Veles the Trickster

Veles leaned against the gates of Iriy. His gaze rested on the retreating forms of Lada and Gerovit. A bird landed on one of his horns and started chirping a merry melody, but he grunted and waved it away. The story repeated every spring; after months spent in Iriy, he watched her golden hair flutter in the warm breeze as she held onto Gerovit’s trunk-like arm, his seven smug faces bobbing with each heavy step. Thunder roared in the distance. Veles took a deep breath and rolled his eyes at the skies. 

‘It’s that time of the year again,’ he murmured and the thunder rumbled in response. 

The bird tried landing on his horn again, but this time he waved furiously and muttered, ‘Oh, shut up you chirping ball of air!’

Photo by Asher Ward on Unsplash

Veles, or Volos, is a very versatile and whimsical divinity revered by all Slavic tribes. He is the god of cattle and crops, of forests and beasts, but also of magic, music, and treachery. He guides the souls of the dead and presides over agreements, and ancient Slavs often swore by him when conducting transactions.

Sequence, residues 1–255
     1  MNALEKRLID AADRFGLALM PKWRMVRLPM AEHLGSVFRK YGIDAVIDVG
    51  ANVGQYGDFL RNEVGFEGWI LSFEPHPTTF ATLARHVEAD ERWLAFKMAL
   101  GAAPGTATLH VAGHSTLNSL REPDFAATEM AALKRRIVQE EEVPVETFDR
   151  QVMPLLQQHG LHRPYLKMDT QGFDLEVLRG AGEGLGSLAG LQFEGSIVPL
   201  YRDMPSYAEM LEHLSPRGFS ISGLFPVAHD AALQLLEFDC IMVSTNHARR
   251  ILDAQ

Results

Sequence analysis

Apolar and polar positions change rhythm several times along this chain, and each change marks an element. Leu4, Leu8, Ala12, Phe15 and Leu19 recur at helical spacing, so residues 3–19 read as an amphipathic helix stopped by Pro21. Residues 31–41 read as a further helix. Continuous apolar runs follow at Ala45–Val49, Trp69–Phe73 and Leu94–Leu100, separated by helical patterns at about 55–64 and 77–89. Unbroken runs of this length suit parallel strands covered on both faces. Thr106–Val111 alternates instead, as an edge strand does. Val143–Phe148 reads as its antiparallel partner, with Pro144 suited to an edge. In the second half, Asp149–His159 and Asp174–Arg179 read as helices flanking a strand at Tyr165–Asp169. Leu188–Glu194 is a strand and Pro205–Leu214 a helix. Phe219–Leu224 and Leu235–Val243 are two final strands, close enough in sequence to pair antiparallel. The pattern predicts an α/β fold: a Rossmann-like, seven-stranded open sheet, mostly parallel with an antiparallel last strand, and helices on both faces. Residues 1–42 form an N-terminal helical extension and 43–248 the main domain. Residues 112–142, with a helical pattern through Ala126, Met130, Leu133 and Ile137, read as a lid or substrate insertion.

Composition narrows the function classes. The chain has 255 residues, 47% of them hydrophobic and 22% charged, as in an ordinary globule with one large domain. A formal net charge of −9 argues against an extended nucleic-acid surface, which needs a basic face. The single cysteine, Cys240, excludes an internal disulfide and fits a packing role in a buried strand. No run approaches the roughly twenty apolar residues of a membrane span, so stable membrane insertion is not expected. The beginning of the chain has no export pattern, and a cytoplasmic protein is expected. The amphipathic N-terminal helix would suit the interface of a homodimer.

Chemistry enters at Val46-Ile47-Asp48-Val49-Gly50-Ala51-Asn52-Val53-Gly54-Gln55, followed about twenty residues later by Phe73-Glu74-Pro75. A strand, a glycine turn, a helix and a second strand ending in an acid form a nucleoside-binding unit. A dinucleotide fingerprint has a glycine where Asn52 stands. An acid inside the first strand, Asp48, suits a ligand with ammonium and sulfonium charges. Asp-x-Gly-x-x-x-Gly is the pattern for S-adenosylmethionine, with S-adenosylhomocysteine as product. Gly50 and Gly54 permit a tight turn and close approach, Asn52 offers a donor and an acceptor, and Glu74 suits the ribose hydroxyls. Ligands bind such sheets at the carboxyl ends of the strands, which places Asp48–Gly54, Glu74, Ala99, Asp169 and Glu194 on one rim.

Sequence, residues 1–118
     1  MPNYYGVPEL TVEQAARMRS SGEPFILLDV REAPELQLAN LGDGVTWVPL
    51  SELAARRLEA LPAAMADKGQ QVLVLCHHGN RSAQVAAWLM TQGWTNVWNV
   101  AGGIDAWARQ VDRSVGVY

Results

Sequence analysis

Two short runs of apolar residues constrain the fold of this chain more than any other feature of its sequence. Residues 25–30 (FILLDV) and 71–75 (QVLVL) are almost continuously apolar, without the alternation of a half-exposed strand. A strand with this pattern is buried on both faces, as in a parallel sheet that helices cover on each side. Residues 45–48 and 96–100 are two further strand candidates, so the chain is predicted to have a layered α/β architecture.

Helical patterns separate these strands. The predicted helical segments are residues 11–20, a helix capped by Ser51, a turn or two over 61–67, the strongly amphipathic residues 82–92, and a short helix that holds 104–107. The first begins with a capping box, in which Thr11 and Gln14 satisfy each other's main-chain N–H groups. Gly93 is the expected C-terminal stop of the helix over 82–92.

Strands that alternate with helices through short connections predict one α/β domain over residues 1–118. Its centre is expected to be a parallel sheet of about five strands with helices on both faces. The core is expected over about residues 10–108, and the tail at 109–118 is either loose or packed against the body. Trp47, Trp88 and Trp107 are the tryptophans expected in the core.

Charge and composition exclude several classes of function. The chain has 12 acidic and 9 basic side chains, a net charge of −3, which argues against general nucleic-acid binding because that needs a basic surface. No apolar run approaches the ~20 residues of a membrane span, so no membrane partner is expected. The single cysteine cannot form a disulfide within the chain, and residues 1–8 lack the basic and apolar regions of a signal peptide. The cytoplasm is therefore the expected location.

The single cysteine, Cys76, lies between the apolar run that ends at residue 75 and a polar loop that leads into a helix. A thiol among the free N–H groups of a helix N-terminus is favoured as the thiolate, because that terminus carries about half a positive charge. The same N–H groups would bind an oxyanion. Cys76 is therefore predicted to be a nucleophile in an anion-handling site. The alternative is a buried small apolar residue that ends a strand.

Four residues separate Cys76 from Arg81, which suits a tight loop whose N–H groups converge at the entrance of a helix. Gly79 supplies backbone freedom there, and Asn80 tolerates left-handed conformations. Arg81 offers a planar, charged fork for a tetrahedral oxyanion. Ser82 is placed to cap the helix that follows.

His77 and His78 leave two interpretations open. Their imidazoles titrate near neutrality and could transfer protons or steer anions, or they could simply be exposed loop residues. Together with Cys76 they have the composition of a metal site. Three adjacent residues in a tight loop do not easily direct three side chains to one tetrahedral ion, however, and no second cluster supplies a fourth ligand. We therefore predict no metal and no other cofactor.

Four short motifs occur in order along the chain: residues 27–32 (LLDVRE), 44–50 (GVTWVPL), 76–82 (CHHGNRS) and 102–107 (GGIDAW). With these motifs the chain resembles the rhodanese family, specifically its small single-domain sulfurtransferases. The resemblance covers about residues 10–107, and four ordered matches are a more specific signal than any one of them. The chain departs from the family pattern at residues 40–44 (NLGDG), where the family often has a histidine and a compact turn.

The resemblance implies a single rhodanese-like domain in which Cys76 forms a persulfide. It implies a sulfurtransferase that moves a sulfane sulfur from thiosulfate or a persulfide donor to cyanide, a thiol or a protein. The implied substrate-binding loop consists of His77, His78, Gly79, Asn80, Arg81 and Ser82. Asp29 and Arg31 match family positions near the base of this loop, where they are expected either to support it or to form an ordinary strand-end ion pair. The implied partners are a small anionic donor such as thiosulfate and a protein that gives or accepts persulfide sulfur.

Veles is a shape-shifter and he appears in many different forms. Believed to be the son of Rod and Zemun, the heavenly cow, he is often represented as a strong man with bull’s horns. He was in charge of both the cattle and the crops and the prosperity of communities greatly depended on him. As the god of beasts and forests, Veles is represented in the shape of a bear, or sometimes wolf, the kings of Slavic forests. 

The battle between Perun and Veles
Illustration taken from http://www.ancient-origins.net

Due to his highly versatile nature, Veles is quite a whimsical god. As the representative of the earth, Veles is a sworn enemy of Perun, the supreme god of the skies, parallel to Greek Zeus. Veles and Perun are significant since they are the only two deities in Slavic pantheon that were commonly revered by all Slavic tribes. Their struggle is taken to represent the eternal battle between heavens and earth. According to different narratives, Veles steals either Perun’s wife, his cattle, his servants, or his children, thus causing a massive strife. Perun keeps shooting Veles with lightning bolts, and eventually he wins at the beginning of each summer, when Veles has to descend from the crown of the World Tree and dwell in its roots with Zaltys the serpent. Nevertheless, Veles is relentless, he always comes up with something new and ends spending the winter up in the skies, in Iriy.

© 2019 Erna Grcic



Categories: Mythology, Mythoslav

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